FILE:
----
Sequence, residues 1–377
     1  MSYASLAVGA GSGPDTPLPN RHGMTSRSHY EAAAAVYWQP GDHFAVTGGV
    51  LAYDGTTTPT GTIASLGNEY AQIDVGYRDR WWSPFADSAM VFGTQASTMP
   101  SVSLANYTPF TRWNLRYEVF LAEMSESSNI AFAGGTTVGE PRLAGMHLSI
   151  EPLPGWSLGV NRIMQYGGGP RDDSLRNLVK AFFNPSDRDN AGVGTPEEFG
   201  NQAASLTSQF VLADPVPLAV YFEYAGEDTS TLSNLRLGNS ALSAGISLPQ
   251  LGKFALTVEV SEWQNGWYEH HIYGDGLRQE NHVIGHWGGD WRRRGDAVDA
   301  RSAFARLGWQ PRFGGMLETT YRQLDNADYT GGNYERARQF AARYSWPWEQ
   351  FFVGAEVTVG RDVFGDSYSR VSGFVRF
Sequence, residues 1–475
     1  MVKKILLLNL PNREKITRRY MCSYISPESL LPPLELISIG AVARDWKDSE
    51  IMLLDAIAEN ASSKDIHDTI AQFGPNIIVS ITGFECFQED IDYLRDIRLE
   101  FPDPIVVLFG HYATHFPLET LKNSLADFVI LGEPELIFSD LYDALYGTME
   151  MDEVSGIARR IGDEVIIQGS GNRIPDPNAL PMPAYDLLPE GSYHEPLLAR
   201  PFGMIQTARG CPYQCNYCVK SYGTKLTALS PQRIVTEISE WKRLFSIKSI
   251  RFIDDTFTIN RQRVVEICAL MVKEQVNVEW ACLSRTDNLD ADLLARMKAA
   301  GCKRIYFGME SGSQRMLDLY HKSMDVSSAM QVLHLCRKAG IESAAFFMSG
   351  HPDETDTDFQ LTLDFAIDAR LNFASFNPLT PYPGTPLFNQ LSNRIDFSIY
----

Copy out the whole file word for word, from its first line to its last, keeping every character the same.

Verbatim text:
Sequence, residues 1–377
     1  MSYASLAVGA GSGPDTPLPN RHGMTSRSHY EAAAAVYWQP GDHFAVTGGV
    51  LAYDGTTTPT GTIASLGNEY AQIDVGYRDR WWSPFADSAM VFGTQASTMP
   101  SVSLANYTPF TRWNLRYEVF LAEMSESSNI AFAGGTTVGE PRLAGMHLSI
   151  EPLPGWSLGV NRIMQYGGGP RDDSLRNLVK AFFNPSDRDN AGVGTPEEFG
   201  NQAASLTSQF VLADPVPLAV YFEYAGEDTS TLSNLRLGNS ALSAGISLPQ
   251  LGKFALTVEV SEWQNGWYEH HIYGDGLRQE NHVIGHWGGD WRRRGDAVDA
   301  RSAFARLGWQ PRFGGMLETT YRQLDNADYT GGNYERARQF AARYSWPWEQ
   351  FFVGAEVTVG RDVFGDSYSR VSGFVRF
Sequence, residues 1–475
     1  MVKKILLLNL PNREKITRRY MCSYISPESL LPPLELISIG AVARDWKDSE
    51  IMLLDAIAEN ASSKDIHDTI AQFGPNIIVS ITGFECFQED IDYLRDIRLE
   101  FPDPIVVLFG HYATHFPLET LKNSLADFVI LGEPELIFSD LYDALYGTME
   151  MDEVSGIARR IGDEVIIQGS GNRIPDPNAL PMPAYDLLPE GSYHEPLLAR
   201  PFGMIQTARG CPYQCNYCVK SYGTKLTALS PQRIVTEISE WKRLFSIKSI
   251  RFIDDTFTIN RQRVVEICAL MVKEQVNVEW ACLSRTDNLD ADLLARMKAA
   301  GCKRIYFGME SGSQRMLDLY HKSMDVSSAM QVLHLCRKAG IESAAFFMSG
   351  HPDETDTDFQ LTLDFAIDAR LNFASFNPLT PYPGTPLFNQ LSNRIDFSIY